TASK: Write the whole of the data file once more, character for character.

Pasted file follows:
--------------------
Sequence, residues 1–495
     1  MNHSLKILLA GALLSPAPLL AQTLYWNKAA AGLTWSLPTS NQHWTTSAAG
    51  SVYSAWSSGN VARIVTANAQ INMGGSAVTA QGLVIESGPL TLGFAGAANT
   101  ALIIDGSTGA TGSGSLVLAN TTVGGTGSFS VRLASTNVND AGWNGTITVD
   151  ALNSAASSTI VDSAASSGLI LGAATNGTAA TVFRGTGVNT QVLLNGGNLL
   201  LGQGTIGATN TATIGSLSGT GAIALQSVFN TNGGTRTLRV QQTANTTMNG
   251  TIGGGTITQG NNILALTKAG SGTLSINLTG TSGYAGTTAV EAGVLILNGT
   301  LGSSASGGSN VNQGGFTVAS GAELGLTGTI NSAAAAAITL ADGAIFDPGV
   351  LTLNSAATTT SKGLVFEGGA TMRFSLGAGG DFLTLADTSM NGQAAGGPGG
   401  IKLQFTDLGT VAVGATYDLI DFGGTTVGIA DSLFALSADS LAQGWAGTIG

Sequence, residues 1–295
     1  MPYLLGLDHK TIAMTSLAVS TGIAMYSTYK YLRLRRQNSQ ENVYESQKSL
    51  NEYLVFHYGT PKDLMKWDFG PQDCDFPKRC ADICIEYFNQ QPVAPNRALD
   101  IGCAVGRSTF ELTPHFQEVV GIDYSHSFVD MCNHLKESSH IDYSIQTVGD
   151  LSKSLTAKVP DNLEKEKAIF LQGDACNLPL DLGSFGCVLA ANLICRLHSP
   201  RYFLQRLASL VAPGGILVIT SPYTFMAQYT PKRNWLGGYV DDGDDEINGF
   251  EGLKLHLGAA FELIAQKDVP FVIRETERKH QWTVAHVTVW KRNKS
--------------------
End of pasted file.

Sequence, residues 1–495
     1  MNHSLKILLA GALLSPAPLL AQTLYWNKAA AGLTWSLPTS NQHWTTSAAG
    51  SVYSAWSSGN VARIVTANAQ INMGGSAVTA QGLVIESGPL TLGFAGAANT
   101  ALIIDGSTGA TGSGSLVLAN TTVGGTGSFS VRLASTNVND AGWNGTITVD
   151  ALNSAASSTI VDSAASSGLI LGAATNGTAA TVFRGTGVNT QVLLNGGNLL
   201  LGQGTIGATN TATIGSLSGT GAIALQSVFN TNGGTRTLRV QQTANTTMNG
   251  TIGGGTITQG NNILALTKAG SGTLSINLTG TSGYAGTTAV EAGVLILNGT
   301  LGSSASGGSN VNQGGFTVAS GAELGLTGTI NSAAAAAITL ADGAIFDPGV
   351  LTLNSAATTT SKGLVFEGGA TMRFSLGAGG DFLTLADTSM NGQAAGGPGG
   401  IKLQFTDLGT VAVGATYDLI DFGGTTVGIA DSLFALSADS LAQGWAGTIG

Sequence, residues 1–295
     1  MPYLLGLDHK TIAMTSLAVS TGIAMYSTYK YLRLRRQNSQ ENVYESQKSL
    51  NEYLVFHYGT PKDLMKWDFG PQDCDFPKRC ADICIEYFNQ QPVAPNRALD
   101  IGCAVGRSTF ELTPHFQEVV GIDYSHSFVD MCNHLKESSH IDYSIQTVGD
   151  LSKSLTAKVP DNLEKEKAIF LQGDACNLPL DLGSFGCVLA ANLICRLHSP
   201  RYFLQRLASL VAPGGILVIT SPYTFMAQYT PKRNWLGGYV DDGDDEINGF
   251  EGLKLHLGAA FELIAQKDVP FVIRETERKH QWTVAHVTVW KRNKS